Last month John Bercow announced he was going to retire on October 31, the Brexit deadline, in order to steer the Commons through the final stages of Brexit. But with MPs thwarting the Government’s attempts to pass the Withdrawal Agreement Bill in time for an October 31 departure, the Speaker could decide to back out of his promise to retire. There has been some speculation that Mr Bercow could renege on his promise to step down at the end of the month to see Brexit through and he even hinted as such during his resignation speech.
Patrick Wintour, the Guardian’s diplomatic editor asked on Twitter: “Is Bercow standing down as Speaker do or die on 31st October?
“Could there be a technical extension on the basis this is ‘no time for a novice’?”
Charles Moore, former editor of The Daily Telegraph, The Spectator and The Sunday Telegraph, also suggested it was still in Mr Bercow’s power to evade his promise to retire.
He said he was unsure if the speculation was correct, but said it wouldn’t be unusual for the Speaker to do so.
Mr Moore said: “Mr Bercow long ago decided that the Speaker can break any convention according to whim and describe his whim as an assertion of the rights of Parliament.”
Mr Bercow hinted that he could stay on beyond October 31, if his experience is required.
He said the retirement date had been chosen to ensure “an experienced figure” was in the chair for the “short period” leading to his departure.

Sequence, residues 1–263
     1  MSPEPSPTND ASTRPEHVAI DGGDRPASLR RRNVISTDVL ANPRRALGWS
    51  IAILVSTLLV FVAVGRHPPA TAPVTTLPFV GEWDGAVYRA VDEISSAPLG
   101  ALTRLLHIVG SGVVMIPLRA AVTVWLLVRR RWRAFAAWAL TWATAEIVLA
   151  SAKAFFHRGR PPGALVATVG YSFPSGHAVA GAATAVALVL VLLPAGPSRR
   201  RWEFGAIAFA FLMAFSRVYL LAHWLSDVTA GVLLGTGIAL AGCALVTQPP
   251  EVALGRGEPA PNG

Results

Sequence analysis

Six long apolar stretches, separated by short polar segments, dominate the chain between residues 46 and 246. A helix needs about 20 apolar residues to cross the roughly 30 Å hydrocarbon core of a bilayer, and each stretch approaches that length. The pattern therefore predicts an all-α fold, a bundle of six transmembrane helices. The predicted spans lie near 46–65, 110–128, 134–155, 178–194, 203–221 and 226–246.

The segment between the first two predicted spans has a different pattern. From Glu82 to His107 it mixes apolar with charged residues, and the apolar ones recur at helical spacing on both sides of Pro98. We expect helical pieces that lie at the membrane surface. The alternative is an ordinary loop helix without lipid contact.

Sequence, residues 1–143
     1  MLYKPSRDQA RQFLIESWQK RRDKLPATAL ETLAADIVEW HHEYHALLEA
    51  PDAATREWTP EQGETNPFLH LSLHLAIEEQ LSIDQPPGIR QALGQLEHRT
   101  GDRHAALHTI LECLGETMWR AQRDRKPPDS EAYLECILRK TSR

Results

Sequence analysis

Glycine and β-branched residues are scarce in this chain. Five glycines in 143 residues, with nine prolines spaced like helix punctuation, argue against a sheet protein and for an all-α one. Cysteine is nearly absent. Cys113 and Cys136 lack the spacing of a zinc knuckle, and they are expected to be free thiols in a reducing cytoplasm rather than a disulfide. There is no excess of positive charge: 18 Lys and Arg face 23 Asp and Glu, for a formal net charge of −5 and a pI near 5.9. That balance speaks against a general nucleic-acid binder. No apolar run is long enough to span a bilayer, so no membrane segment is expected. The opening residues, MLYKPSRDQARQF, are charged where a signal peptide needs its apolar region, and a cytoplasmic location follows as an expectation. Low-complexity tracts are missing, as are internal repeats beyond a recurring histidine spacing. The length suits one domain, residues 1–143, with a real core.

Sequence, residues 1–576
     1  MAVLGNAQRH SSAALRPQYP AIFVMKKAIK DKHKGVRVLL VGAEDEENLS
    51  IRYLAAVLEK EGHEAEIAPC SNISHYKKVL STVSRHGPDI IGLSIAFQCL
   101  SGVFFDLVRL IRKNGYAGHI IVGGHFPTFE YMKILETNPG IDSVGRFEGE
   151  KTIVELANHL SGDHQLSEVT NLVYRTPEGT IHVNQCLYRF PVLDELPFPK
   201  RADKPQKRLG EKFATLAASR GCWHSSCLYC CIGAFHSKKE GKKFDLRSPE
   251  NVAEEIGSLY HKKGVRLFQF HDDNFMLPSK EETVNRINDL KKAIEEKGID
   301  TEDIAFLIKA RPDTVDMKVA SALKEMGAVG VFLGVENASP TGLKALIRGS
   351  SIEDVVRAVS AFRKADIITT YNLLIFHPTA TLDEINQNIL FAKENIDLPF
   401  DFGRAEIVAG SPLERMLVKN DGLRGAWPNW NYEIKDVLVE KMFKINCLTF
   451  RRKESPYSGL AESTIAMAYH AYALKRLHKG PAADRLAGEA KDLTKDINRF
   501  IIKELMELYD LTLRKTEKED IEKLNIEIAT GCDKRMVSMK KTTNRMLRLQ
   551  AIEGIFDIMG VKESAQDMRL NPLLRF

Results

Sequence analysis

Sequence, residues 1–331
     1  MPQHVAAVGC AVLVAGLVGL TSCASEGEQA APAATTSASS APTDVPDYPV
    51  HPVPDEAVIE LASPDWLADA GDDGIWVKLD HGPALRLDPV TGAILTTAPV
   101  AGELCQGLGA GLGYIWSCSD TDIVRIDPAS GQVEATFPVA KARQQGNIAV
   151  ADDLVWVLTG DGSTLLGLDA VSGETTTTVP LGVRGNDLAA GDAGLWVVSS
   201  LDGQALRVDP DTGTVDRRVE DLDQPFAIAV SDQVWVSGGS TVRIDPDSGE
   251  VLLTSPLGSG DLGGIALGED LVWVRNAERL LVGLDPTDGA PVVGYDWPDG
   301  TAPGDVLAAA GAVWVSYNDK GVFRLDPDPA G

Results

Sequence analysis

Brexit Party MEP Rupert Lowe has hit out at the suggestion that the Speaker could go back on his promise to resign.
“Bercow has dragged the position through the mud in pursuit of his own political goals and history will not remember him kindly.”
Lord Lisvane, a former senior clerk, agrees with Mr Lowe’s remarks that the Speaker’s powers should be curbed.
He told the public administration and constitional affairs committee that restoring trust in Parliament should be “front and centre” for the new Speaker.
Lord Livane, who was clerk of the House from 2011-2014, suggested the Speaker’s staff should be appointed through a civil service-type recruitment process rather than chosen by the chairman himself.
Political commentator Robert Colvile said he would not be surprised if the Speaker doesn’t step down next week.
He told Express.co.uk: “Given that he’s already broken one promise about when he would step down, it’s hardly surprising that he would break a second.
“I think he will attempt to stay for as long as Brexit is a live issue, no matter how partisan and polarising a figure he has self-evidently become.”
Mr Bercow has repeatedly come under fire for siding with Remain MPs and allowing backbenchers to take control of the parliamentary agenda.
He facilitated the passage of the Benn Act, the law that forced Mr Johnson to seek an extension from the EU, after allowing a motion to debate the Bill in the Commons.
This week he was criticised for blocking the Government from holding a yes or no vote on its Brexit deal, making it much harder for Boris Johnson to honour his pledge to leave the EU on October 31.